Of course, I found the lovely and quite incredible summer-flowering Spotted Touch-Me-Not (Impatiens capensis), also known as Spotted Jewelweed. It has possibly my favorite method of dispersal I have ever experienced: BALLISTIC SEEDS! Yes, ballistic, as in the fruits explode. Next time you’re on a walk and see these gorgeous, distinctive orange flowers, do yourself a favor and look for any of the plump green fruits that, to me, look like swollen pea pods and squeeze the bottom. Make sure you wear protective eyewear (just kidding).
The Spotted Touch-Me-Not can be identified by its about 1-inch long cornucopia shaped flowers with a little curlicue at the small end. The flowers are a spunky orange color with darker/red spots near the opening.
Here you can watch my shotty video-work capturing this awesome dispersal method:
The Cherokee, Chippewa, Iroquois, Malecite, Menominee, Meskwaki, Micmac, Mohegan, Nanticoke, Ojibwe, Omaha, Penobscot, Potawatomi, and Shinnecock Peoples all had many uses for the Spotted Touch-Me-Not, including dermatological relief, burn dressings, dyes, diuretics, and gynecological aids. Read more about that here: http://naeb.brit.org/uses/species/1981/
Jack in the Pulpit
Also called Indian Turnip and Arisaema triphyllum, Jack in the Pulpit is a very neat shade-loving plant that can live past 25 years (wow!!!). I chose this plant for its incredibly vibrant red berries that even made me want to eat them. The delectable looking berries are eaten by birds (thruses, in particular) and rodents. If you’re a lame human however, you might want to skip picking and eating these fruits since they are riddled with calcium oxalate crystals that can cause skin irritation and a painful burning sensation when eaten.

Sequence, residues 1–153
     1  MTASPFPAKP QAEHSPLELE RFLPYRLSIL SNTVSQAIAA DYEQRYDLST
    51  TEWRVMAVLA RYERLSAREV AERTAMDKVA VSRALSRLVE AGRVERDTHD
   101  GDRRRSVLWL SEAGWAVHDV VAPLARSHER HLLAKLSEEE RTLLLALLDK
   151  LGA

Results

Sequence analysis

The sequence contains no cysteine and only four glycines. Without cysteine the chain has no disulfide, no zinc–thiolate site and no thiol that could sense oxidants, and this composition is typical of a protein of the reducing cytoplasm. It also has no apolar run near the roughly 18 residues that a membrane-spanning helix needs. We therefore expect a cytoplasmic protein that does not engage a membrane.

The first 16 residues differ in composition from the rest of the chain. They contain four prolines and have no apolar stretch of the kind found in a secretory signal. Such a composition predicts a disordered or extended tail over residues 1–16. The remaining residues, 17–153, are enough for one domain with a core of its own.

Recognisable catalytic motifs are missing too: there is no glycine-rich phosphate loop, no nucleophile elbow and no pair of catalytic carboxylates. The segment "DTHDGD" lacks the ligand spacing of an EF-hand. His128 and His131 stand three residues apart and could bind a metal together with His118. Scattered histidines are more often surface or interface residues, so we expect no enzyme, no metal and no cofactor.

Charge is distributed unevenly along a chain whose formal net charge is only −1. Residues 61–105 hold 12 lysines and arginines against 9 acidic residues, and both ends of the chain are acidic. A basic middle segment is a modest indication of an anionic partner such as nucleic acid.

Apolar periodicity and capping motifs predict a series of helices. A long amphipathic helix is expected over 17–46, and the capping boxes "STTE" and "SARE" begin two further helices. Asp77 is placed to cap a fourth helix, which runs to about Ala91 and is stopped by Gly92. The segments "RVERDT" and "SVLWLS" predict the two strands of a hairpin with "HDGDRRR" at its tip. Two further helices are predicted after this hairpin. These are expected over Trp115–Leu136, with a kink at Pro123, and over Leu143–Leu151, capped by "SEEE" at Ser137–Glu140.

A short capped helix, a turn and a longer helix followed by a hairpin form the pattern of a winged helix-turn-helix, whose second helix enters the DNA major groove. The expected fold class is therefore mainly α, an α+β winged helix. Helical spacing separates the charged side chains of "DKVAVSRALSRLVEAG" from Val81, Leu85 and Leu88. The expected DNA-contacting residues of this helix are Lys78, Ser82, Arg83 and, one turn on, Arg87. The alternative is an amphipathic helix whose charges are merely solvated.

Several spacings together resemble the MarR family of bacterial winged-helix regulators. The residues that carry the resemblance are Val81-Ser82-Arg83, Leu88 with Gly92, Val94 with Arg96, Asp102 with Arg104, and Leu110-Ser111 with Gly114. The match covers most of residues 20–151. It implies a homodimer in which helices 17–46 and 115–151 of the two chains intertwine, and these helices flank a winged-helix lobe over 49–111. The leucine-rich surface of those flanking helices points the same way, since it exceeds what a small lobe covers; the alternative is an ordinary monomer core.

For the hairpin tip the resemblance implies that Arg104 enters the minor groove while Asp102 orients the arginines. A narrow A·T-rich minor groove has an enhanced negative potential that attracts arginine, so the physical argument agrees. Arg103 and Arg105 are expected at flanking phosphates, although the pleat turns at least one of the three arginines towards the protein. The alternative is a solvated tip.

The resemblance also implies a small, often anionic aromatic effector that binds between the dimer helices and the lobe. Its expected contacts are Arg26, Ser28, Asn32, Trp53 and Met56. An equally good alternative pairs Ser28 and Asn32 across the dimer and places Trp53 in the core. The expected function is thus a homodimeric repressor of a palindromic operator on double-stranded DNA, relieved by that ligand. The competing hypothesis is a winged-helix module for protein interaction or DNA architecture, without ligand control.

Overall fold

Jack in the Pulpit can be identified by its large compound leaves with groups of 3 leaflets. Each leaflet can be up to 7 inches long, and the middle one is usually the largest. In flower, the club shaped spadix sits erect inside a hooded leaf that has deep purple veins. In late summer, the Jack in the Pulpit is easily recognizable by the cluster of bright red berries underneath the flowers.
The Meskwaki Indians had a sneaky use for the painful consumption of the Jack in the Pulpit fruit. They have a story that describes the process of hiding the berries within meat and feeding it to their enemies; the taste of the fruit was disguised by the meat but the calcium oxalate would still cause painful reactions and potentially death to those who consumed it. Scary but clever.
Honorable Mentions from Cedar Bog (that’s not a fricken bog):